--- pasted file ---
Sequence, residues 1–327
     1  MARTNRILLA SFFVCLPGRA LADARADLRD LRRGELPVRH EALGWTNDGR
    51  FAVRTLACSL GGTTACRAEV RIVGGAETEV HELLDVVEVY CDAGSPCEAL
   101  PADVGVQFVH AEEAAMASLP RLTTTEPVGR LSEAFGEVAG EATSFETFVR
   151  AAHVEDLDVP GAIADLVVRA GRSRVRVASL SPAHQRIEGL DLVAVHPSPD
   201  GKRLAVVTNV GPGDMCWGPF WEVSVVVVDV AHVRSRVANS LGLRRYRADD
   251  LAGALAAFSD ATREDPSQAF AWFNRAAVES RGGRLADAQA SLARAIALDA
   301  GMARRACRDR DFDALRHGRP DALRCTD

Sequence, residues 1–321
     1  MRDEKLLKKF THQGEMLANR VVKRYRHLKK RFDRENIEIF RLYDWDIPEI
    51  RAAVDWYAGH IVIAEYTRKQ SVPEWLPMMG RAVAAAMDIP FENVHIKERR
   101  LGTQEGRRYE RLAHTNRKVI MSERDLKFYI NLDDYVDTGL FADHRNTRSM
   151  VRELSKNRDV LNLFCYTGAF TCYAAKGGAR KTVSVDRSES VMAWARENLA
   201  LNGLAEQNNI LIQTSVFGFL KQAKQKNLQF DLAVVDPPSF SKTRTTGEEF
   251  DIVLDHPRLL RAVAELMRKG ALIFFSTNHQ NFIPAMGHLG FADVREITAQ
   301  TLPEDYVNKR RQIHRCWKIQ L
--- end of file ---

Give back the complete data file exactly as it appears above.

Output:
Sequence, residues 1–327
     1  MARTNRILLA SFFVCLPGRA LADARADLRD LRRGELPVRH EALGWTNDGR
    51  FAVRTLACSL GGTTACRAEV RIVGGAETEV HELLDVVEVY CDAGSPCEAL
   101  PADVGVQFVH AEEAAMASLP RLTTTEPVGR LSEAFGEVAG EATSFETFVR
   151  AAHVEDLDVP GAIADLVVRA GRSRVRVASL SPAHQRIEGL DLVAVHPSPD
   201  GKRLAVVTNV GPGDMCWGPF WEVSVVVVDV AHVRSRVANS LGLRRYRADD
   251  LAGALAAFSD ATREDPSQAF AWFNRAAVES RGGRLADAQA SLARAIALDA
   301  GMARRACRDR DFDALRHGRP DALRCTD

Sequence, residues 1–321
     1  MRDEKLLKKF THQGEMLANR VVKRYRHLKK RFDRENIEIF RLYDWDIPEI
    51  RAAVDWYAGH IVIAEYTRKQ SVPEWLPMMG RAVAAAMDIP FENVHIKERR
   101  LGTQEGRRYE RLAHTNRKVI MSERDLKFYI NLDDYVDTGL FADHRNTRSM
   151  VRELSKNRDV LNLFCYTGAF TCYAAKGGAR KTVSVDRSES VMAWARENLA
   201  LNGLAEQNNI LIQTSVFGFL KQAKQKNLQF DLAVVDPPSF SKTRTTGEEF
   251  DIVLDHPRLL RAVAELMRKG ALIFFSTNHQ NFIPAMGHLG FADVREITAQ
   301  TLPEDYVNKR RQIHRCWKIQ L